If you mean god's preserve, I wouldn't say I'm ignorant to god and what "he" does (if one needs to justify my indifference with ignorance), but I am ignorant to some of facts, stories, et cetera of scripture and what's written "about" him.

    Actually, yes. A christian who sees a miracle will attribute it to the christian god. The same christian who reads scripture about the miracle will assume the nature of the miracle is defined by what he interprets in scripture.

    An archeologist and historian who reads the same miracle won't consider it for it as a supernatural fact. Instead, there would be multiple historians and archeologists from various disciplines in addition to other professionals who corroborate what is fact, what is myth, and their place in the human scheme of things. Take Greek philosophy. We take a lot of medicinal knowledge from Plato and his teacher. We may even think about their essays and words of wisdom. They do have their place.

    The only way I can think of historians being bias is if one studies in a christian ministry. His or her views and studies will be shaped by the theology of his or her church. However, those historians who have eclectic backgrounds wouldn't see things in a biased light.

    Time frame for example let's say the gossip game. The further back in time (or the more people in between) an event happen, say the last 3,000 years, the less information and even events we will get 100% accurate. So, the further back the years (rather than time), the more we can mishap information.

    Oh. Religious belief in god that god preserves everything accurately across time is based on faith. The fact that, as in the gossip game, the further back the years, the more mismatched information can be is based on knowledge. They both have their place.

    Why would a religious person think god preserves written scripture throughout all these years especially through all of the editing, compilations, translations, and so forth it's been through, wouldn't the argument be less about scripture accuracy and more about the person with whom scripture speaks of?

    If someone gave a reason why the bible isn't valuable to that person, would you understand his point of view?

    What do you mean?

    Do they comprehend or are they going off what people tell them and taking it as is?

    Giving you the reason why the bible is irrelevant to me is one thing, but understanding why it is (from a less superficial stance) is totally different. Usually, some religious do understand why people don't believe from a sympathy level. But not much on a deeper level.

    I was thinking just now it could be that their spiritual awakening made it to where they "can't go back". So, literally trying to understand and take interest in why people disbelief in god is almost like going back to their old self. It may cause some discomfort to go "back into that hole." Just another of one of my many observations.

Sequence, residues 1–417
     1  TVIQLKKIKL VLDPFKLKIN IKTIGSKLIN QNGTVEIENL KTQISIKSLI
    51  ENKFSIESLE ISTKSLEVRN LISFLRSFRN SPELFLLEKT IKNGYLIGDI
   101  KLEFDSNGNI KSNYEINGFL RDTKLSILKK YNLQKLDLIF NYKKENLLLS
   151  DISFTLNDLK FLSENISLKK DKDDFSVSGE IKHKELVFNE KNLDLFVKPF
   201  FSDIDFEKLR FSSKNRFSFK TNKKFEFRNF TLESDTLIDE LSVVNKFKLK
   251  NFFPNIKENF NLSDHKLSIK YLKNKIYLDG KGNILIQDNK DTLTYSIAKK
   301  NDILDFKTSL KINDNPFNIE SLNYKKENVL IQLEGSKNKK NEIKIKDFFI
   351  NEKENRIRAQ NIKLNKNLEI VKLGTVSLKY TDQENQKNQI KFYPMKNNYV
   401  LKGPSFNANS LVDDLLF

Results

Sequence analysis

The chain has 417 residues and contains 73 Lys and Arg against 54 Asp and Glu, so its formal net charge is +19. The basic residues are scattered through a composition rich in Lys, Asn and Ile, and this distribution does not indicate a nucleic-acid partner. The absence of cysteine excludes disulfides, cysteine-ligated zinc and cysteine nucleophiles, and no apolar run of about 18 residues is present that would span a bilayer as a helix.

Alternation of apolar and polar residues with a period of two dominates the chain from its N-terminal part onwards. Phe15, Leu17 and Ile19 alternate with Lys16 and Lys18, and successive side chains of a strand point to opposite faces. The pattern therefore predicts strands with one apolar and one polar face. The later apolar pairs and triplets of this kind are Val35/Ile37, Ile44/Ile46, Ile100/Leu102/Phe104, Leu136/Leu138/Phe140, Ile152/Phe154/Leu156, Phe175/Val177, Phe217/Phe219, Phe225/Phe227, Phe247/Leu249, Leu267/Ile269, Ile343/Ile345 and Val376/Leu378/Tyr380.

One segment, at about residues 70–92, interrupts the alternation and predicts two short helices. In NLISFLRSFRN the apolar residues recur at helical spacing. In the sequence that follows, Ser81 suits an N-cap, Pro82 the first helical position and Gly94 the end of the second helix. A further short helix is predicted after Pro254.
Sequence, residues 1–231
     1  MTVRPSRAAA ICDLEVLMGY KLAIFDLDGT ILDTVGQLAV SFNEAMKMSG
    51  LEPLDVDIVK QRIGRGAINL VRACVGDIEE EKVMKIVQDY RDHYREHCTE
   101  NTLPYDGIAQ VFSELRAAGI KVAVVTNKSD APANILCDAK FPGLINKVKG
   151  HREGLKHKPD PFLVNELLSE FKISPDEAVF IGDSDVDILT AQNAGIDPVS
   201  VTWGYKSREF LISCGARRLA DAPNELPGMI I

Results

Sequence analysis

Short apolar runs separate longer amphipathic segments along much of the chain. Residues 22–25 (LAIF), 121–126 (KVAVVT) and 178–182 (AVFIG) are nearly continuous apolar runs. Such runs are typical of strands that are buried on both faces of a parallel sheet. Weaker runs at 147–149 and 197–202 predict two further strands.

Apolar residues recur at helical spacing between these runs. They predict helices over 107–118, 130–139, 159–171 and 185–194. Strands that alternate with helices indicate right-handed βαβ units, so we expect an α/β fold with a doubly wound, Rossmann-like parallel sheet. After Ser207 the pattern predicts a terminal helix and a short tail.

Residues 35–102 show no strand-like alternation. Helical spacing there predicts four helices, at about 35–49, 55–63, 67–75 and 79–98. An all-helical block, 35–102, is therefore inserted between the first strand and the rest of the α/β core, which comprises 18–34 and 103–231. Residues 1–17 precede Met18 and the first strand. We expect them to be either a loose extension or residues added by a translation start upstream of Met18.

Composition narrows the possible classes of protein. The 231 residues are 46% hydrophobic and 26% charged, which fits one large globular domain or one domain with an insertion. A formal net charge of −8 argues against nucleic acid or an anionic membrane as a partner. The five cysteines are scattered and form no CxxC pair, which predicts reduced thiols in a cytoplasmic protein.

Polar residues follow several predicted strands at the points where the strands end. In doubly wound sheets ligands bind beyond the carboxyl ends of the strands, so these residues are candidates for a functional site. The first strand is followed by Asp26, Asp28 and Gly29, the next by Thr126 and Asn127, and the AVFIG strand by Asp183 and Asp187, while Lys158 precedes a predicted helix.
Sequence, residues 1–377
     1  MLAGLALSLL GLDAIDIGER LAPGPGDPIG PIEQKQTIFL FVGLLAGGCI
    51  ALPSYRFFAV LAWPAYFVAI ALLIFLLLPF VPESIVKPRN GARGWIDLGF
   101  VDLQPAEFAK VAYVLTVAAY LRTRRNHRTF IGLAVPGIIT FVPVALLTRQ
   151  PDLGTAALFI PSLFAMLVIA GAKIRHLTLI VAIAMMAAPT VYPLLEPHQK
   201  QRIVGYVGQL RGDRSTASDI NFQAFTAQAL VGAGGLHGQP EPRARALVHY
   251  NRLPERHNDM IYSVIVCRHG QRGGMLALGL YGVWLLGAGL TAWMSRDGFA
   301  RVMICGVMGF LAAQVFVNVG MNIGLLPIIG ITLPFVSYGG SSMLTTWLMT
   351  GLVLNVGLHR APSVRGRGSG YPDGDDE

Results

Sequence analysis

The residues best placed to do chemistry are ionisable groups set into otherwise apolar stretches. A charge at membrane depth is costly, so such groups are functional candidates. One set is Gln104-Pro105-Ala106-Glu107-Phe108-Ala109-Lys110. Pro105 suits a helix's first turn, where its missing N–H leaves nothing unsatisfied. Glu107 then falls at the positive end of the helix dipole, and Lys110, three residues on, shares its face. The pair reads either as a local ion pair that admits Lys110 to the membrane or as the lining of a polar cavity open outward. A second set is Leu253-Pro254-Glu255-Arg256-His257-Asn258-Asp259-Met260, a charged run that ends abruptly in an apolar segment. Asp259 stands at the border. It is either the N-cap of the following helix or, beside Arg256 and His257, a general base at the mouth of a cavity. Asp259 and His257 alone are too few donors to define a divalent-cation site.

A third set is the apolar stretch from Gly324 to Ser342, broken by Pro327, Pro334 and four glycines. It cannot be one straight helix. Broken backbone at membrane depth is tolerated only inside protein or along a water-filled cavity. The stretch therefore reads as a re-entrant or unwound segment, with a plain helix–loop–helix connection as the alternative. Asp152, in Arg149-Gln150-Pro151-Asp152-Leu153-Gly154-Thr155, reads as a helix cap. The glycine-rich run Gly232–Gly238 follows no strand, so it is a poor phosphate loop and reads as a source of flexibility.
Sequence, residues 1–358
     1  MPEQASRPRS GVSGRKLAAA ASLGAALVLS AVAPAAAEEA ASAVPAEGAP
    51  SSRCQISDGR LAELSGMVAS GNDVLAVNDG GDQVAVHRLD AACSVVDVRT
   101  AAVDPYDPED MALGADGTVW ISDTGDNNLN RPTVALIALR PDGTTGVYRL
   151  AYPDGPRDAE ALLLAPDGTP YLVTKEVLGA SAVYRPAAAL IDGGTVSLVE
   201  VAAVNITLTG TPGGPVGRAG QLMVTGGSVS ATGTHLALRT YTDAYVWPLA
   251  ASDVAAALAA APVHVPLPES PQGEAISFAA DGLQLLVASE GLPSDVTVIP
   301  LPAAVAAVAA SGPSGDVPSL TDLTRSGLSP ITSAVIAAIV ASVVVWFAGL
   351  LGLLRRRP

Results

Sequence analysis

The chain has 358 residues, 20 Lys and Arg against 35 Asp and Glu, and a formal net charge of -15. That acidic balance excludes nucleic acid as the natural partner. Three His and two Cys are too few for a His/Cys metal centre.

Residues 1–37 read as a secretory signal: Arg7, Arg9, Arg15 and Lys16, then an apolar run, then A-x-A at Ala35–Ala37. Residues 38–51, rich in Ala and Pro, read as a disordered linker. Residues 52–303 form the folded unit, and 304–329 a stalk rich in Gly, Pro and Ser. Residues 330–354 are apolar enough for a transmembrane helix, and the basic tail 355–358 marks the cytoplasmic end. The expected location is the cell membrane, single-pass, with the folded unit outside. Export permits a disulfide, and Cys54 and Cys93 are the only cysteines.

18. nPeace

    nPeace Well-Known Member

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    You haven't broken any rule... I think.
    It is a known fact that men rape and murder women. Therefore, all men rape and murder women. We only have to see the police records to confirm that fact.
    Sounds reasonable?

    Are these people biased? I'll leave you to your opinion on that.
    Dead Sea Scrolls
    Scholarly consensus dates the Qumran Caves Scrolls from the last three centuries BCE and the first century CE.

    Biblical texts older than the Dead Sea Scrolls have been discovered only in two silver scroll-shaped amulets containing portions of the Priestly Blessing from the Book of Numbers, excavated in Jerusalem at Ketef Hinnom and dated c. 600 BCE

    Before the discovery of the Dead Sea Scrolls, the oldest Hebrew-language manuscripts of the Bible were Masoretic texts dating to the 10th century CE, such as the Aleppo Codex. Today, the oldest known extant manuscripts of the Masoretic Text date from approximately the 9th century. The biblical manuscripts found among the Dead Sea Scrolls push that date back a full thousand years, to the 2nd century BCE. This was a significant discovery for Old Testament scholars who anticipated that the Dead Sea Scrolls would either affirm or repudiate the reliability of textual transmission from the original texts to the oldest Masoretic texts at hand. The discovery demonstrated the unusual accuracy of transmission over a thousand-year period, rendering it reasonable to believe that current Old Testament texts are reliable copies of the original works.

    According to The Dead Sea Scrolls by Hebrew scholar Millar Burrows,
    Of the 166 words in Isaiah 53, there are only seventeen letters in question. Ten of these letters are simply a matter of spelling, which does not affect the sense. Four more letters are minor stylistic changes, such as conjunctions. The remaining three letters comprise the word "light," which is added in verse 11, and does not affect the meaning greatly.

    It is important to note that differences were found among fragments of texts. According to The Oxford Companion to Archaeology:
    While some of the Qumran biblical manuscripts are nearly identical to the Masoretic, or traditional, Hebrew text of the Old Testament, some manuscripts of the books of Exodus and Samuel found in Cave Four exhibit dramatic differences in both language and content. In their astonishing range of textual variants, the Qumran biblical discoveries have prompted scholars to reconsider the once-accepted theories of the development of the modern biblical text from only three manuscript families: of the Masoretic text, of the Hebrew original of the Septuagint, and of the Samaritan Pentateuch. It is now becoming increasingly clear that the Old Testament scripture was extremely fluid until its canonization around A.D. 100.